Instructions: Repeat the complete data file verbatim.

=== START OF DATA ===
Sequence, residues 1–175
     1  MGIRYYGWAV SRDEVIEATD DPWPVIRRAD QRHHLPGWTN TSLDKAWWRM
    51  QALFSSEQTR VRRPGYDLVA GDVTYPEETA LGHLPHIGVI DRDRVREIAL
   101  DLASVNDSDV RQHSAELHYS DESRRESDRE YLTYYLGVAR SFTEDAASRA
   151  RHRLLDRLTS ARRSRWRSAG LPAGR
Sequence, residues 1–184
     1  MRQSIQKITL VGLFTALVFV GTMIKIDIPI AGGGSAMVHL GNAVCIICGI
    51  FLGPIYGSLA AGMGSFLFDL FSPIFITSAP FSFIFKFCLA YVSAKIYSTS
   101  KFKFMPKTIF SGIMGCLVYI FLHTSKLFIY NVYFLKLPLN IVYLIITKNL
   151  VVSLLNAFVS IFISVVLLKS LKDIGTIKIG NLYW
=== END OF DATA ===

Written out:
Sequence, residues 1–175
     1  MGIRYYGWAV SRDEVIEATD DPWPVIRRAD QRHHLPGWTN TSLDKAWWRM
    51  QALFSSEQTR VRRPGYDLVA GDVTYPEETA LGHLPHIGVI DRDRVREIAL
   101  DLASVNDSDV RQHSAELHYS DESRRESDRE YLTYYLGVAR SFTEDAASRA
   151  RHRLLDRLTS ARRSRWRSAG LPAGR
Sequence, residues 1–184
     1  MRQSIQKITL VGLFTALVFV GTMIKIDIPI AGGGSAMVHL GNAVCIICGI
    51  FLGPIYGSLA AGMGSFLFDL FSPIFITSAP FSFIFKFCLA YVSAKIYSTS
   101  KFKFMPKTIF SGIMGCLVYI FLHTSKLFIY NVYFLKLPLN IVYLIITKNL
   151  VVSLLNAFVS IFISVVLLKS LKDIGTIKIG NLYW